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Announcing MVI Grants

We are excited to share an update on the MVI Grants program. The Grants selection committee – Artem Kotelskiy, Brett Palatiello, Elias Simos – have reviewed many high-quality applications, and selected five stellar teams that are complimentary in their expertise and approaches.

Why are we funding this research?

Since the proposal to reduce the ETH issuance was suggested [1, 2, 3, 4], the Ethereum community has been actively discussing its monetary policy.

When considering issuance reduction, there is a trade-off for the network between the amount of ETH spent on rewards and how decentralized its validator set is. In particular, one of the main downside risks of reducing issuance is the potential concentration of staked ETH, especially in the view of the upcoming ETF launch [5]. There are also a variety of other risks and factors associated with issuance reduction: margin compression, the resulting pressures on certain market segments, as well as increasing barriers for innovation [6, 7, 8].

These factors touch the core values of Ethereum: decentralization and censorship resistance. Hence we believe that an evaluation of these risks is needed, in the form of a deep analysis of how the issuance curve change could affect the validator set composition.

What is the scope?

Broadly speaking, the grants will focus on:

  1. Profiling different actors within the staking economy, via interviews and field research, to uncover key data points such as preferences, frictions, supply curves, elasticities, costs, etc.

  2. Gathering, studying and deducing the data above using the historical Beacon Chain and DeFi data sets.

  3. Building out theoretical models, taking into account the data above.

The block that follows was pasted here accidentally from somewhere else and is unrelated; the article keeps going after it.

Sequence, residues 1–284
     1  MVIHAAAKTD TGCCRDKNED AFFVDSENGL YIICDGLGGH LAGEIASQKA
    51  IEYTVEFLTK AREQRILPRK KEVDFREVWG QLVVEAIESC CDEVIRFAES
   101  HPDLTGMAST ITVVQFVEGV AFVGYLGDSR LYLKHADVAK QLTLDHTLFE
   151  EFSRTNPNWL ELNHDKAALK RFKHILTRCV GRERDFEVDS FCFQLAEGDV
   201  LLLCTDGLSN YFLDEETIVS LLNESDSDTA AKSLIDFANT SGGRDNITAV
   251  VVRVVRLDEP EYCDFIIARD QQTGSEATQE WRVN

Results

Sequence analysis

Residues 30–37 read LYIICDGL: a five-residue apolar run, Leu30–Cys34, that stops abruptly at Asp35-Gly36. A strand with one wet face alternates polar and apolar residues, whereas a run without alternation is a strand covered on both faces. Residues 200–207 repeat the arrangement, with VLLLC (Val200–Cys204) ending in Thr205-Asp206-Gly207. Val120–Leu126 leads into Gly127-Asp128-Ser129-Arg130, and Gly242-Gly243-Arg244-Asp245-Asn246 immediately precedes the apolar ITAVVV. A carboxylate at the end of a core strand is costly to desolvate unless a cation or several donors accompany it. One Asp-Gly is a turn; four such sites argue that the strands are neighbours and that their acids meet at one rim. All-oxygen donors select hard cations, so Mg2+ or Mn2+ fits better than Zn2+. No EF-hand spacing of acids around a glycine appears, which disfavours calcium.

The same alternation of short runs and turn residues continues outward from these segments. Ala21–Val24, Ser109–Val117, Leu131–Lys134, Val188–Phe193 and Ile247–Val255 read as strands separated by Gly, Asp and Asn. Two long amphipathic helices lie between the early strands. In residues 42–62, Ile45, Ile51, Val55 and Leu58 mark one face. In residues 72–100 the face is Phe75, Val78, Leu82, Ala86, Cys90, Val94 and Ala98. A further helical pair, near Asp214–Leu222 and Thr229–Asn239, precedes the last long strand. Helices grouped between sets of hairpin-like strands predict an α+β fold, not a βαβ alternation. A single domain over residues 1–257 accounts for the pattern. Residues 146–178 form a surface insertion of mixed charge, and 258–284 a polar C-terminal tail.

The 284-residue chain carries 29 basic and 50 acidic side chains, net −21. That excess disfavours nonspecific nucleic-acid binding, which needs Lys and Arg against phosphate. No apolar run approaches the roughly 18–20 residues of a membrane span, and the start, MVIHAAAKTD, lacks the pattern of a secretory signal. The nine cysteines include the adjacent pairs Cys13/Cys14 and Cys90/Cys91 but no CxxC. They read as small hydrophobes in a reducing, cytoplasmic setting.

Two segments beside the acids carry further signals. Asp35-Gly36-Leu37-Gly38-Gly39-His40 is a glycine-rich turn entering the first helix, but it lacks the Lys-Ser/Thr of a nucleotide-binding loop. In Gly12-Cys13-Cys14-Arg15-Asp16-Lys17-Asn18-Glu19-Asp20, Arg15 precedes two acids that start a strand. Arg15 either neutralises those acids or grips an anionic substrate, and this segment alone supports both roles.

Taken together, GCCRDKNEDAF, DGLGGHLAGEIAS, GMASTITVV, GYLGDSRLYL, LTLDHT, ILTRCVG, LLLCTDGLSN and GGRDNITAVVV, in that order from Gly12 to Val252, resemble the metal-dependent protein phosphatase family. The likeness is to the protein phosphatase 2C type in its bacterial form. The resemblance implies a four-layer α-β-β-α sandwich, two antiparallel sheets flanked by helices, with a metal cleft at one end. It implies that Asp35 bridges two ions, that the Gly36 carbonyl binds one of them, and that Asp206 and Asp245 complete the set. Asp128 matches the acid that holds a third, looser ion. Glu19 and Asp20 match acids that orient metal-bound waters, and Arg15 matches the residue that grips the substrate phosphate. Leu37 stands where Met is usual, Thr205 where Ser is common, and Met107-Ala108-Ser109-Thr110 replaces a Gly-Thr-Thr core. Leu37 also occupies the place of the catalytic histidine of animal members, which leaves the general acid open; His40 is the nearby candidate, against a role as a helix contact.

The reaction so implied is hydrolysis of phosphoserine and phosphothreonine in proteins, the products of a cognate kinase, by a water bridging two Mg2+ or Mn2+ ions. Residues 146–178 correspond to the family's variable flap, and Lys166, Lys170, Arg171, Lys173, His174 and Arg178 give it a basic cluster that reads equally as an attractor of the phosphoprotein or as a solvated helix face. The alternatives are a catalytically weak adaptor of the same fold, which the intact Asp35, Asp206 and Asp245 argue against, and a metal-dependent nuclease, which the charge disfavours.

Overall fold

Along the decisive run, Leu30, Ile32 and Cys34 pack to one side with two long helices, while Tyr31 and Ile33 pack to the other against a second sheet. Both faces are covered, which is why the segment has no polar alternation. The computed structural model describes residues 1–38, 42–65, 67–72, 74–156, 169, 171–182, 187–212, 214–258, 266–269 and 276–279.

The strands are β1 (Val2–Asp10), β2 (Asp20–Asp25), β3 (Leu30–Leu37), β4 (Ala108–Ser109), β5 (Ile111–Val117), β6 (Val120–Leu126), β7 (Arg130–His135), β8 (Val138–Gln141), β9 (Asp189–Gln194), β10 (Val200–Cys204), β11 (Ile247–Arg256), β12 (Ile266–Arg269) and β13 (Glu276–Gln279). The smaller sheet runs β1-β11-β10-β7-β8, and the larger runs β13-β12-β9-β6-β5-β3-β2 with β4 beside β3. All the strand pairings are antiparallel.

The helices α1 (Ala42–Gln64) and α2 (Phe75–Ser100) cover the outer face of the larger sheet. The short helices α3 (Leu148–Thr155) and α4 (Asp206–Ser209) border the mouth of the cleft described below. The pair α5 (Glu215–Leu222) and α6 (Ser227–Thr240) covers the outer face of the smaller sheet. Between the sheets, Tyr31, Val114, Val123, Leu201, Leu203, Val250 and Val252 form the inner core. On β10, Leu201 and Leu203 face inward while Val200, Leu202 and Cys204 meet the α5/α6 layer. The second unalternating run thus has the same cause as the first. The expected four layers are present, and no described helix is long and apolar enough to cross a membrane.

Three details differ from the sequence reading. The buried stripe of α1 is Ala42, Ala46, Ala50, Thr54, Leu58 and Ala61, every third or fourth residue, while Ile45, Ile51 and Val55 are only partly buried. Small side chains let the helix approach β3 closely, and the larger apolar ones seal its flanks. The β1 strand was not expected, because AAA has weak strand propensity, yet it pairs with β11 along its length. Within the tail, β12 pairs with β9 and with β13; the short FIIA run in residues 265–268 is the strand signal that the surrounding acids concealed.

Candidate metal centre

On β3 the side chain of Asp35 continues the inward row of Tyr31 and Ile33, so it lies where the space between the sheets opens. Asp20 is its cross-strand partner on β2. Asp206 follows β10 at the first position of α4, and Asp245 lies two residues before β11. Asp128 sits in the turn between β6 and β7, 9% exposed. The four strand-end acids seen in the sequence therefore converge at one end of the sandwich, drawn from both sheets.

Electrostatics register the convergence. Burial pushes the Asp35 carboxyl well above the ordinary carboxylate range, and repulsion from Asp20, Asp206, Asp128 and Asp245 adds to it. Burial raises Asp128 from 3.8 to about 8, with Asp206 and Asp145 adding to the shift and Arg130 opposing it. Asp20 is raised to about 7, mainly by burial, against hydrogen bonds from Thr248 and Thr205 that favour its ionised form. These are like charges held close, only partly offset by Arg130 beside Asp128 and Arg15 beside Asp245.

4. Studying equilibriums & limits, doing simulations, and ultimately understanding & evaluating the risks of how changing issuance may affect the staking ratio & the validator set.

Below we provide more information on the specific grants.

Grant 1 – Cryptecon

Team: Matthias Hafner, Juan Beccuti, Thunj Chantramonklasri, Nicolas Oderbolz, Nicolas Greber, Beatrix Marosvölgyi — economists, mechanism designers and modelers within the cryptecon.org crypto research group.

Focus: "In order to limit the continued growth of staking in the Ethereum ecosystem, adjustments to the current issuance schedule have been proposed. However, the potential impact of such changes to the issuance policy on different types of actors in the staking ecosystem remains under-explored. To this end, the research team at the Center for Cryptoeconomics aims to contribute to the community's understanding of the effects of changes in the issuance schedule to the different types of stakers and the potential risks associated to the Ethereum ecosystem. First, we will develop a theoretical model that focuses on the interactions between different stakeholder types and their underlying economic mechanisms. Second, we will use historical data to estimate, where possible, differences between the supply curves for each stakeholder type. Finally, we will combine these results in an agent-based model that allows us to simulate the impact of the proposed supply curve on the relative concentration of different types of stakers participating in the staking economy."

Grant 2 20 squares

Team: Philipp Zahn, Wenxuan Deng, Fabrizio Genovese, Daniele Palombi — mathematicians, economists and modelers within the 20squares.xyz crypto research firm. Focus: “In this project, 20squares will first focus on modeling a framework for estimating staking decisions relative to a given issuance curve and external factors. In layman terms, we will try to model the economic environment in which all the involved actors - solo stakers, liquid staking providers, etc. - live and make decisions. Using past data, we will focus on what can be inferred on individual staking behavior in the past years. Then, we will update the model with the changes brought about the recent issuance change proposals, and we will study how this affects each party's behavior. As for deliverables, we will publish reports and codebases with our findings.